Background: To evaluate the impact of patient-prosthesis mismatch (PPM) on survival, functional status, and quality of life (QoL) after aortic valve replacement (AVR) with small prosthesis size in elderly patients.
Methods: Between January 2005 and December 2013, 152 patients with pure aortic stenosis, aged at least 75 years, underwent AVR, with a 19 or 21 mm prosthetic heart valve. PPM was defined as an indexed effective orifice area less than 0.85 cm2/m2. Median age was 82 years (range 75-93 years). Mean follow-up was 56 months (range 1-82 months) and was 98% complete. Late survival rate, New York Heart Association functional class, and QoL (RAND SF-36) were assessed.
Results: Overall, PPM was found in 78 patients (53.8%). Among them, 42 patients (29%) had an indexed effective orifice area less than 0.75 cm2/m2 and 17 less than 0.65 cm2/m2 (11.7%). Overall survival at 5 years was 78 +/- 4.5% and was not influenced by PPM (P = NS). The mean New York Heart Association class for long-term survivors with PPM improved from 3.0 to 1.7 (P < 0.001). QoL (physical functioning 45.18 +/- 11.35, energy/fatigue 49.36 +/- 8.64, emotional well being 58.84 +/- 15.44, social functioning 61.29 +/- 6.15) was similar to that of no-PPM patients (P = NS).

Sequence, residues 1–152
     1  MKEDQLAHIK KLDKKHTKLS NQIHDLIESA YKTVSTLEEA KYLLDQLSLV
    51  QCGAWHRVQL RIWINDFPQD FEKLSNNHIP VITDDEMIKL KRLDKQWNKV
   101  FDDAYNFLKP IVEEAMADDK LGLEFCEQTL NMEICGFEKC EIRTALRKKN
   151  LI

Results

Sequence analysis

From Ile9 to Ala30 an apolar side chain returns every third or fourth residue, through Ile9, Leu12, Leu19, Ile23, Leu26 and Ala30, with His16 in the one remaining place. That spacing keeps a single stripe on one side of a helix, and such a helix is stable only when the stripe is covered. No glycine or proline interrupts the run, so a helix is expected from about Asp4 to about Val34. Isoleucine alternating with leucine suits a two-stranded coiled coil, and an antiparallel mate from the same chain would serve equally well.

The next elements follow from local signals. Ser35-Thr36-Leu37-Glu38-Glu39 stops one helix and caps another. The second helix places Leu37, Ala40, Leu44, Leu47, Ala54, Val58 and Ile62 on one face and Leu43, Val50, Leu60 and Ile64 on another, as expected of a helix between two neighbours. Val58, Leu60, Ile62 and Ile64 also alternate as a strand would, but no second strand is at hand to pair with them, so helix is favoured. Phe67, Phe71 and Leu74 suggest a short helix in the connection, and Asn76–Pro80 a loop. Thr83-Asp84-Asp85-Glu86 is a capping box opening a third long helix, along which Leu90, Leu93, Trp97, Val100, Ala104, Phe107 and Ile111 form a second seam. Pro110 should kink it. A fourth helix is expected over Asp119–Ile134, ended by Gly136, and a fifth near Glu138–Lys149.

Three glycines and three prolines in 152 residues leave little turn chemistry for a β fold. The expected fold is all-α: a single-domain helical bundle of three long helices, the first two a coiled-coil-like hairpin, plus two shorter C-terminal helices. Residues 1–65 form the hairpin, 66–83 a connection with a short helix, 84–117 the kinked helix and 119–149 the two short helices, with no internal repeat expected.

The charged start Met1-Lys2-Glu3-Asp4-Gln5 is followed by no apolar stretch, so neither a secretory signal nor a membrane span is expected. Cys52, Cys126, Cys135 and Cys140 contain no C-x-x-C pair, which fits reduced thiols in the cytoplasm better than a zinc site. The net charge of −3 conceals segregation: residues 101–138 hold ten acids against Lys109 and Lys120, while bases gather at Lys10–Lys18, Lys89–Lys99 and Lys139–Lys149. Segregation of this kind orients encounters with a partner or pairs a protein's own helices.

Conclusion: PPM after AVR does not affect survival, functional status, and QoL in patients aged at least 75 years. Surgical procedures, often time-consuming, contemplated to prevent PPM, may therefore be not justified in this patient subgroup.
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